Calling async methods from properties

I noticed that yesterday, someone read my post on Cancellation after searching the web to find out how to call async methods from properties. I am no expert on async code; I’ve just been playing with it for a while – since the 2nd Async CTP, but since I’ve never seen a post on this from my favourite author of async code articles, here are my thoughts on this.

You can’t mark either a property, nor it’s get/set assessors as async. I assume that’s the issue the person had. They can’t use the await keyword, because they can’t mark the code as async.

While I don’t know the Microsoft developer teams’ reasons for implementing it this way, I can guess: When a developer gets or sets a property, they expect it to be synchronous. It’s not the sort of place where anyone expects the code to go away to the netherworld, and return sometime in the future.

That said, there are async methods that you can call, but in the same context as event handlers, they need to be async void methods. That is, fire-and-forget async methods, not the type where you wait asynchronously for something to happen. And if you really… really.. have to use the await keyword in a property, or any other method that isn’t marked as async, you can, by putting it inside a lambda expression, but that’s really exactly the same as calling an async void method.

I’ve written a little console application to demonstrate:

async from properties
  1. using System;
  2. using System.Threading.Tasks;
  4. namespace Demo
  5. {
  6.     class Program
  7.     {
  8.         private string awesome = “awesome”;
  9.         private string awesome1 = “awesome1”;
  11.         public string Awesome
  12.         {
  13.             get { return awesome; }
  14.             set
  15.             {
  16.                 Console.WriteLine(“{0}Enter Awesome setter.”, FormattedDate());
  17.                 awesome = value;
  18.                 AweSomeSideEffect();
  19.                 Console.WriteLine(“{0}Exit Awesome setter.”, FormattedDate());
  20.             }
  21.         }
  23.         public string Awesome1
  24.         {
  25.             get { return awesome1; }
  26.             set
  27.             {
  28.                 Action sideEffect = async () =>
  29.                 {
  30.                     await Task.Delay(TimeSpan.FromSeconds(1D));
  31.                     Console.WriteLine(“\n{0}Awesome1 side-effect.\n”, FormattedDate());
  32.                 };
  34.                 Console.WriteLine(“{0}Enter Awesome1 setter.”, FormattedDate());
  35.                 awesome1 = value;
  36.                 sideEffect();
  37.                 Console.WriteLine(“{0}Exit Awesome1 setter.”, FormattedDate());
  38.             }
  39.         }
  41.         private async void AweSomeSideEffect()
  42.         {
  43.             await Task.Delay(TimeSpan.FromSeconds(3D));
  44.             Console.WriteLine(“\n{0}Awesome side-effect.\n”, FormattedDate());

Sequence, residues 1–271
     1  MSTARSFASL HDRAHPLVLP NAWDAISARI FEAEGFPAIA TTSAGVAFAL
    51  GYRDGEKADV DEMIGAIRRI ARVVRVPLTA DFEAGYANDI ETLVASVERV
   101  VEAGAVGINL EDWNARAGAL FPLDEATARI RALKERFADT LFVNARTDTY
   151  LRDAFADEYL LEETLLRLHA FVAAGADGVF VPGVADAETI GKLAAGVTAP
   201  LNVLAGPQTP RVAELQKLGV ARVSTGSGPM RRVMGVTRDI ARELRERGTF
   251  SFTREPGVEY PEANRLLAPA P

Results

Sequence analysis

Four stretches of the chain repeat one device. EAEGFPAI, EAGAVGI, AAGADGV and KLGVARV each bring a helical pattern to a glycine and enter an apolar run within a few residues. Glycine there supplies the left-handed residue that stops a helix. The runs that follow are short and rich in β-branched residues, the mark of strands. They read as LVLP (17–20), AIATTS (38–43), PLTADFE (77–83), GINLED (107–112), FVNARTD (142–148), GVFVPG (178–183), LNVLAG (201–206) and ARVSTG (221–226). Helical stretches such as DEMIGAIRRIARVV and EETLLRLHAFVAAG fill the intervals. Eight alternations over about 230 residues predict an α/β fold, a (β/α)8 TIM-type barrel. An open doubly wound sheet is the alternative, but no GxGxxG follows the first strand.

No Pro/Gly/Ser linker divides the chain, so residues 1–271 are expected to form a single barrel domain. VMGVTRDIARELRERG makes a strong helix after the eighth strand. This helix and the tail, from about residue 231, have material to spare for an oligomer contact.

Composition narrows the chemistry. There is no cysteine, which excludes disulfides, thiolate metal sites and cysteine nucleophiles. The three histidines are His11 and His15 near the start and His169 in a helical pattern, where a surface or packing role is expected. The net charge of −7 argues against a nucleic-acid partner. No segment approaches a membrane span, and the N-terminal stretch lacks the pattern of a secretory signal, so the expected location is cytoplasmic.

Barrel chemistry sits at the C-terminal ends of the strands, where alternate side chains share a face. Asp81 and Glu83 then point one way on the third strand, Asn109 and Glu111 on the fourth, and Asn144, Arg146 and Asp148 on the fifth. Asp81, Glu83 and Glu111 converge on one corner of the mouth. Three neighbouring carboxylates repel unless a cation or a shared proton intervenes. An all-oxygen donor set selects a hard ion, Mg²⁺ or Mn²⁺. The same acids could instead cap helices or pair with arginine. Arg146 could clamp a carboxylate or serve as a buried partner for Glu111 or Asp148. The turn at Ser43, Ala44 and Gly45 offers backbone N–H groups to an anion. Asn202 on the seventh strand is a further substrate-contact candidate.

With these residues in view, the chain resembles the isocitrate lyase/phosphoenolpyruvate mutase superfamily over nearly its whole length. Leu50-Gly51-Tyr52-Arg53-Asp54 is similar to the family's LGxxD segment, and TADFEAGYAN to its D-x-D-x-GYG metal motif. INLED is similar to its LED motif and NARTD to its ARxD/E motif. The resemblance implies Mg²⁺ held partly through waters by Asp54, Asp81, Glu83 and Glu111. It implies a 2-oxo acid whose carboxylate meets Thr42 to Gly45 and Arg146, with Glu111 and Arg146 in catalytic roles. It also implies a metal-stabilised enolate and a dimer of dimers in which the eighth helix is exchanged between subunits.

45.         }
  47.         private string FormattedDate()
  48.         {
  49.             return DateTime.Now.ToString(“yyyy-MM-dd HH:mm:ss\t”);
  50.         }
  52.         static void Main(string[] args)
  53.         {
  54.             var program = new Program();
  55.             program.Awesome = “Demo”;
  56.             Console.WriteLine();
  57.             program.Awesome1 = “Set”;
  58.             System.Threading.Thread.Sleep(TimeSpan.FromSeconds(5D));
  59.             Console.ReadLine();
  60.         }
  61.     }
  62. }

The demo program has a class with two properties, Awesome and Awesome1.

When the Awesome property is set, it calls an async void method. When the Awesome1 property is set, it calls an async lambda. If you run the demo program, you should get output something like this:

2013-04-23 13:24:55 Enter Awesome setter.
2013-04-23 13:24:55 Exit Awesome setter.

2013-04-23 13:24:55 Enter Awesome1 setter.
2013-04-23 13:24:55 Exit Awesome1 setter.

2013-04-23 13:24:56 Awesome1 side-effect.

2013-04-23 13:24:58 Awesome side-effect.

As you can see, whether you call an async void method or a lambda expression, the code returns execution from the property setter immediately, while the async code continues to run in the background.

About Jerome

I am a senior C# developer in Johannesburg, South Africa. I am also a recovering addict, who spent nearly eight years using methamphetamine. I write on my recovery blog about my lessons learned and sometimes give advice to others who have made similar mistakes, often from my viewpoint as an atheist, and I also write some C# programming articles on my programming blog.
This entry was posted in Programming and tagged , , . Bookmark the permalink.

1 Response to Calling async methods from properties

  1. Jerome says:

    Sheesh, I see this is one of my popular posts.

    Don’t do this.

    I wrote it in April 2013. I cleaned up and stopped using meth in September 2013. That should give you a clue how much common sense I had when writing it.

    Yes, my observation that async code carried on running in the background – just like an async void method, when called from a property, was valid. It lacks a sensible conclusion though.

    The conclusion being… Don’t do stupid things like this.


Leave a Reply

Fill in your details below or click an icon to log in: Logo

You are commenting using your account. Log Out /  Change )

Google photo

You are commenting using your Google account. Log Out /  Change )

Twitter picture

You are commenting using your Twitter account. Log Out /  Change )

Facebook photo

You are commenting using your Facebook account. Log Out /  Change )

Connecting to %s